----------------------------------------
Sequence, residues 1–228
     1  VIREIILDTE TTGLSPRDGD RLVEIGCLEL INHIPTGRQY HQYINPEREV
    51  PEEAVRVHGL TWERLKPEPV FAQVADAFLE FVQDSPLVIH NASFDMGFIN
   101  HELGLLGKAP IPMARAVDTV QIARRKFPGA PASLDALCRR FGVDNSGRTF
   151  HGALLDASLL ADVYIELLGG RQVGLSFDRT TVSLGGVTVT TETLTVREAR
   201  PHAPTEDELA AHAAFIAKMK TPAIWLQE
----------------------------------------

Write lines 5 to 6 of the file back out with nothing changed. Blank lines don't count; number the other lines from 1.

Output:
   151  HGALLDASLL ADVYIELLGG RQVGLSFDRT TVSLGGVTVT TETLTVREAR
   201  PHAPTEDELA AHAAFIAKMK TPAIWLQE